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How and why does scrooge change in a Christmas carol?

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Introduction

How and why does scrooge change in a Christmas carol? The novel A Christmas Carol was set in England in 1843. The story takes place during the Victorian era. Dickens combines a description of hardships faced by the poor with a heart-rending sentimental celebration of the Christmas season. The novel contains dramatic and comic element as well as a deep felt moral theme. In the beginning of the novel Ebenezer Scrooge is portrayed as a hardhearted and unsociable man. However at the end of the novel we see dramatic changes in him as a trio of ghostly visitations causes a complete change in him. Scrooges transformed from an unpleasant and penny-pinching character to a charitable kind man. The following essay focuses and examines the life of Ebenezer Scrooge, delving into his past, present and supposed future. In the opening of the novel, Scrooge is depicted as a miser who would not even give enough coal to his clerk despite the harsh weather to keep the office warm. His greed is his downfall, because he is so consumed with his money that he neglects people around him. He spends his day counting profits wishing that the whole world would leave him alone. His entire life is based on making more profits. ...read more.

Middle

She is breaking off their engagement crying that greed had corrupted the love Scrooge had once had for her; Scrooge makes no attempt to stop her as he is too consumed with his money. Then Scrooge sees Belle happily married as she talks to her husband about Scrooge. She describes Scrooge as quite alone in the world." The older Scrooge can no longer bear to witness his loss of Belle. He begs the spirit to take him back home. Tormented and full of despair, he reaches home and falls asleep immediately. Each episode in the scenes shows a younger Scrooge who was still in touch with human beings, until money overtook his ability to love. His lust for it destroyed his relationship with Belle. These scenes begin the changes in Scrooge as his past is re-enacted. Scrooge awakens gladly to a majestic figure in green robes. His room has undergone a transformation, it is filled with Christmas feasts and other things related to Christmas. Perhaps the transformation of the room is a prelude to his personal transformation. He tells Scrooge his lifespan is one day. The spirit tells Scrooge to touch his robe. Scrooge finds himself in a bustling city on Christmas morning, where he sees Christmas shoppers wishing a "merry Christmas to passers by. ...read more.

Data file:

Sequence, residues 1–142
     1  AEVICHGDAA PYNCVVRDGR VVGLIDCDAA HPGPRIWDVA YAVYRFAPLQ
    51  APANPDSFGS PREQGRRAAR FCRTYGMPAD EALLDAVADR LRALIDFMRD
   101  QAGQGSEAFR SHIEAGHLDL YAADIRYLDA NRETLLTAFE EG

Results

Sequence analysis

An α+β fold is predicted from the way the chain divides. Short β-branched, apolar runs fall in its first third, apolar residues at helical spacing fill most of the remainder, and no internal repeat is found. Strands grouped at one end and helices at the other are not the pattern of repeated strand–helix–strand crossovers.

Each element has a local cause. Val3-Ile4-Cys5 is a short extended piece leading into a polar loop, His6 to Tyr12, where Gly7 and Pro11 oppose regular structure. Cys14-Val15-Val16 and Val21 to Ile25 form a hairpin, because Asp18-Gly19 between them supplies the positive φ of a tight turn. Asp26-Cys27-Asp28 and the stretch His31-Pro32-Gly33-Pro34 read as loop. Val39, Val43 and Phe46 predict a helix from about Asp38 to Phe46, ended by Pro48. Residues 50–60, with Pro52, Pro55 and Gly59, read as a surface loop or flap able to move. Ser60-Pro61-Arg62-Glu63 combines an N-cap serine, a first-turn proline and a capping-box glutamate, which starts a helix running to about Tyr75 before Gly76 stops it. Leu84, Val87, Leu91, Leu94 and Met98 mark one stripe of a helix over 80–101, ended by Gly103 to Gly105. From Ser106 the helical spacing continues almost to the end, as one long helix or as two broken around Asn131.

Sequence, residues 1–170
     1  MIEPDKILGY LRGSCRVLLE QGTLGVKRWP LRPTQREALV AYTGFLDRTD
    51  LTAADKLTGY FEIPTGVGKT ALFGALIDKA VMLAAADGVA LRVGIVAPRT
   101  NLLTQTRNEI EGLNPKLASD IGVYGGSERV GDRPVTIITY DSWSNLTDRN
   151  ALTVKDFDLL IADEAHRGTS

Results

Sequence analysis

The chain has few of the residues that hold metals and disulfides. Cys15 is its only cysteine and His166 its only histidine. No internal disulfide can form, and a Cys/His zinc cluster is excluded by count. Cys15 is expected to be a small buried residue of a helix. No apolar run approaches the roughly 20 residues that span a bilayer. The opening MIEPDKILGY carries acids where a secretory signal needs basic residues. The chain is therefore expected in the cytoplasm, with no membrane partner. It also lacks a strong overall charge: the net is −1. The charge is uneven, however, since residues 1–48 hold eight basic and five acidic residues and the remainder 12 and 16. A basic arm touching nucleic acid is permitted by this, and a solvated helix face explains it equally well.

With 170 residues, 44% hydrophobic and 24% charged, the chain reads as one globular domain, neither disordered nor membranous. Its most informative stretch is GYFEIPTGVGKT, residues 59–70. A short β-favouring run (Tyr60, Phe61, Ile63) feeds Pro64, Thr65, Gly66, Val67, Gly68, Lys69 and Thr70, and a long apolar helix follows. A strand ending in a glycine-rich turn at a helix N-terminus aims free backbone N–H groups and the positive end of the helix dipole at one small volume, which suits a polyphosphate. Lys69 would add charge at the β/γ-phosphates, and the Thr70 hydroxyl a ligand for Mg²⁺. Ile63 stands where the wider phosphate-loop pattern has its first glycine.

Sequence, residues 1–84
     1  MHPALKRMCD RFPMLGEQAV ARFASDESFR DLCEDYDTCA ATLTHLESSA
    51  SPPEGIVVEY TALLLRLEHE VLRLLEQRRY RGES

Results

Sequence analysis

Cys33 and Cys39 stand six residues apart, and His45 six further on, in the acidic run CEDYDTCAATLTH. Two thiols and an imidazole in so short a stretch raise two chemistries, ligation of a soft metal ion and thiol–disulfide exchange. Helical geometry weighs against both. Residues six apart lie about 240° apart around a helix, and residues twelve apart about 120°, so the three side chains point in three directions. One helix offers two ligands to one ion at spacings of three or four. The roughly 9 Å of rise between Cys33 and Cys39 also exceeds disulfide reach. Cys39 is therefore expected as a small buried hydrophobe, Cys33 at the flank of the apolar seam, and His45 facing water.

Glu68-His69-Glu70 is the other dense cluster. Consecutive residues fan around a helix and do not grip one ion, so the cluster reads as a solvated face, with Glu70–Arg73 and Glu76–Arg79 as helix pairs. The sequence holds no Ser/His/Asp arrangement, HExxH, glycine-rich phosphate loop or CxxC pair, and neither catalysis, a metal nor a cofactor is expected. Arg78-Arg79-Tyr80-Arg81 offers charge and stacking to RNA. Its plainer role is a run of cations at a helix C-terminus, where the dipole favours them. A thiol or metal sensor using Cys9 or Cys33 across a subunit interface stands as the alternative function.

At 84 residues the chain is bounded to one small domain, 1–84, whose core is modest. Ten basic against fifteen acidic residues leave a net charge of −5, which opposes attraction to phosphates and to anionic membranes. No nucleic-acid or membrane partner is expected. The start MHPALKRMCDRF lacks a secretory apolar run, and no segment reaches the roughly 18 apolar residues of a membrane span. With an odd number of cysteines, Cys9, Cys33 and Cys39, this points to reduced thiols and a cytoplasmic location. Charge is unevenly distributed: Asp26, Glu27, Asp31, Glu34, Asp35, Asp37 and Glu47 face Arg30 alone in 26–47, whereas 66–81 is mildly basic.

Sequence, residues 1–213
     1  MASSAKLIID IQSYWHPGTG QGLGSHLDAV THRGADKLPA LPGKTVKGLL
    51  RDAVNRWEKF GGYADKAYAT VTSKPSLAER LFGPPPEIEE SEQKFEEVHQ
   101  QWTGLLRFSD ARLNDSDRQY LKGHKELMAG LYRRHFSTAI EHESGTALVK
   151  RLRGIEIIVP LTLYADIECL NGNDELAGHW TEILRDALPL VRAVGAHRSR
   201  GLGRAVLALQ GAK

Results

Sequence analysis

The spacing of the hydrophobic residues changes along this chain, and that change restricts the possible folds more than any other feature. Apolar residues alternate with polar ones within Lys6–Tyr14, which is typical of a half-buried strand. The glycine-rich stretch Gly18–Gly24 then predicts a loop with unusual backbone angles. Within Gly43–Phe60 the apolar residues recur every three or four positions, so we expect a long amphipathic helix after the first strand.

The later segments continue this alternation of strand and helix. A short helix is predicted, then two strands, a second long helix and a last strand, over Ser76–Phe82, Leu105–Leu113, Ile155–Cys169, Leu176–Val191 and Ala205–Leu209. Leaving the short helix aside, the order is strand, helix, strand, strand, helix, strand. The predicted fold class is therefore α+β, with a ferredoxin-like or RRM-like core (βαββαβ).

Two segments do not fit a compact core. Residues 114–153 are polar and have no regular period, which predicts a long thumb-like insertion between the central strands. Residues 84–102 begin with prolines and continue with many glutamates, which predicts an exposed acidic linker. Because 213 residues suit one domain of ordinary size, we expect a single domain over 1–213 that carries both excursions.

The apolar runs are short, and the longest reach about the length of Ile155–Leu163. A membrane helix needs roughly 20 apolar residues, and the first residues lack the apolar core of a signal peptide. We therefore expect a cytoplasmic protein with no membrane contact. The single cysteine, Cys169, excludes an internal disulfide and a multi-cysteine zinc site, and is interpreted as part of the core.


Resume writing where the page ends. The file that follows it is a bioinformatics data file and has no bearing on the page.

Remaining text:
Conclusion

Dickens' portrayal of Crachit puts a human face on the poorer classes. The moral of the story is that we are not in this world for our own benefit only but more important others. It is each person's duty to help the less fortunate and that money does not bring about happiness as Scrooge learns. Dickens uses this novel to educate the Victorians, so they can find out the real truth about life. They would find the ending satisfying and at the sane time learn from it. The novel is written in staves, which represents musical staves. Dickens uses staves instead of chapters as a reminder of the musical notation of a Christmas carol. Each of the middle three staves revolve around the ghostly visitations that bring about a change in Scrooge. The writer uses flashbacks to remind us of the past Scrooge and the ways in which he changes. The novel speaks to both Victorians of Dickens's era and people in our present day. His message is universal Christmas is the season of goodwill and a rime to share one's wealth with others less fortunate .Although Scrooge is an extreme example of a miser, perhaps Dickens is saying there is little of Scrooge in all of us whether it is an unwillingness to hare our money with the poor and need or our time with people in need! ...read more.

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